Divorce:  This also impacts the tenant’s financial ability to pay rent.  Divorces result in two people not wanting to live together or one person burdening the full rent amount.  Both tenants legally remain on the lease agreement.  So you could keep the lease intact. 

Landlords who want to avoid drama would be wise to allow the divorced tenants to leave and find new tenants.

Illness:  Sadly, getting sick can ruin an individual’s financial welfare.  The tenant may be going through an illness or have passed away as a result.  With death, that often leaves the burden of rent payments on the surviving tenant.  While we always recommend compassion, this scenario usually is the most needed.  And the most appreciated.

Job Transfer:  Similar to active military, the tenant’s job might transfer them out of town.  Some states Landlord-Tenant laws allow these tenants to end their leases early. 

Usually, the best solution is their company pays for 2 or 3 months of rent.  If it is a corporate move, companies typically pay for moving companies and know the employee might be leasing.  This allows the tenant to leave while providing you an opportunity to find new tenants.

In fact, landlords can often profit more from this type of early lease termination!  Finding a new tenant within the 2 months of paid rent adds more income to your pocket!



Uninhabitable:  Landlords are held to certain responsibilities and obligations.  State statutes define landlord’s responsibilities.  Even if the lease agreement excludes the terms.

Landlords are obligated to provide a safe and habitable property for tenants.  That means providing working appliances and utilities.  This does not require landlords have to pay for utilities.  Simply the property must be capable of receiving utilities.

Landlords must also keep the property from health hazards and pests.

When a landlord ignores complaints and requests from tenants to resolve these obligations, the tenant may break their lease.  With no financial cost for doing so.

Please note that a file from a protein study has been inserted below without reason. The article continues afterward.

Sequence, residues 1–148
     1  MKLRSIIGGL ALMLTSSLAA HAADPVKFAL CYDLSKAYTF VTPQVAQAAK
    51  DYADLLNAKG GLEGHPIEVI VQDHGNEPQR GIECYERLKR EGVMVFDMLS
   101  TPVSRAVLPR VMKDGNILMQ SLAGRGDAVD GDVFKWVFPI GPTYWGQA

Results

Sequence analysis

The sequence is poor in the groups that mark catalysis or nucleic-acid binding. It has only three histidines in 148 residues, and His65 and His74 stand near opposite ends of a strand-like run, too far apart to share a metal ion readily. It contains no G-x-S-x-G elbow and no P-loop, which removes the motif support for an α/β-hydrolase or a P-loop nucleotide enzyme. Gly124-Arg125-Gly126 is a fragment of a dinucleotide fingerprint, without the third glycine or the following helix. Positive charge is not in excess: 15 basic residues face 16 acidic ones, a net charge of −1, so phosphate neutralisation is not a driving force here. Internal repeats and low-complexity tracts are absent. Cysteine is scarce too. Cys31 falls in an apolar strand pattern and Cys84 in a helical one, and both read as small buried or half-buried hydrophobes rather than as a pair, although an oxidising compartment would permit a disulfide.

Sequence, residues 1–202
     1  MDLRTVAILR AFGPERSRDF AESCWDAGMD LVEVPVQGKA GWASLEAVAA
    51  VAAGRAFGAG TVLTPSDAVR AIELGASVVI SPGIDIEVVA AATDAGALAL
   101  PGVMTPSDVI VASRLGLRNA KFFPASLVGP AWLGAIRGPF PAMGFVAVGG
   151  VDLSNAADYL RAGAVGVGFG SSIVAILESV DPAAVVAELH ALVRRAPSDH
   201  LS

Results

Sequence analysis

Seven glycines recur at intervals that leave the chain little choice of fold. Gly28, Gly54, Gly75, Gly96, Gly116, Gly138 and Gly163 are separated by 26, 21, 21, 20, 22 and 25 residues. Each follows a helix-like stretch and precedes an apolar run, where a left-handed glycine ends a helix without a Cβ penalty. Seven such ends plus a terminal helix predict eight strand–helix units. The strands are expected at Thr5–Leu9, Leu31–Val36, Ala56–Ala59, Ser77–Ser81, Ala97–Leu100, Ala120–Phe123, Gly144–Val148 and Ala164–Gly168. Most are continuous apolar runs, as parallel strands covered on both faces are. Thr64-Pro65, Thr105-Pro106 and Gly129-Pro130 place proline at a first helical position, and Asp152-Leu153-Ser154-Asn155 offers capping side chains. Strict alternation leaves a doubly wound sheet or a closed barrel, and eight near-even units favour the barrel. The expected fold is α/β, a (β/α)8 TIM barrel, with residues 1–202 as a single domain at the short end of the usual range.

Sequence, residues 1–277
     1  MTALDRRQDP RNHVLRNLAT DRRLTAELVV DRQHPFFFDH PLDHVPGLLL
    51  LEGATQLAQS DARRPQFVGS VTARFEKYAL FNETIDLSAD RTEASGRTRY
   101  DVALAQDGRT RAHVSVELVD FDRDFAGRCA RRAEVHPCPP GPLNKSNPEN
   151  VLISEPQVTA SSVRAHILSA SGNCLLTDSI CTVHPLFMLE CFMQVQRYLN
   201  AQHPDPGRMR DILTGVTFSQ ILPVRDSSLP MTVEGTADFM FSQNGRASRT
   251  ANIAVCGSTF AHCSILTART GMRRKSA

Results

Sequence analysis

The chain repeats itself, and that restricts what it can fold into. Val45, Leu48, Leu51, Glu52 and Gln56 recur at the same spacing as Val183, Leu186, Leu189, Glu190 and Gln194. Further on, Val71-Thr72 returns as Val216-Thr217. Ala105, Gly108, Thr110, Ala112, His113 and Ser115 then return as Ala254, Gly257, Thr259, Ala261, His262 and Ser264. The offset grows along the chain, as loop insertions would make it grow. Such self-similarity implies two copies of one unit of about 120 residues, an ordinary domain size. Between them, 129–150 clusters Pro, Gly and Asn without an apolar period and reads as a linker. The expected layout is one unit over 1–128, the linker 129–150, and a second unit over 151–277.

Illegal Entry:  Another landlord’s responsibility is to provide tenants the right to privacy.  You may own the property but landlords cannot enter the rental unit unannounced.

Landlords are required to provide proper notice before entering.  For example, Arizona requires 48-hour notice before entering.  Research your state’s Landlord-Tenant Laws to discover the requirement.

There are exceptions to entry: emergencies or abandoned properties.



Like it or not, any tenant can provide a formal termination of lease letter and move out.  There is nothing physically a landlord can do to prevent that.  Some tenants understand there are financial consequences for doing so.  Yet landlords legally must minimize those money consequences.  Known as ‘mitigate damages’. 

Landlords are legally required to search for new tenants.  This allows the previous tenant to officially terminate the lease.  You must make an effort to find replacement tenants.  This may cause landlords to go through the entire leasing process again.  Listing the rental, showing the unit, screening applicants, and coordinating a new lease.

Luckily for landlords, you do not have to take the first applicant who is interested.  Treat this search as any other tenant search.  Applicants must meet your screening criteria.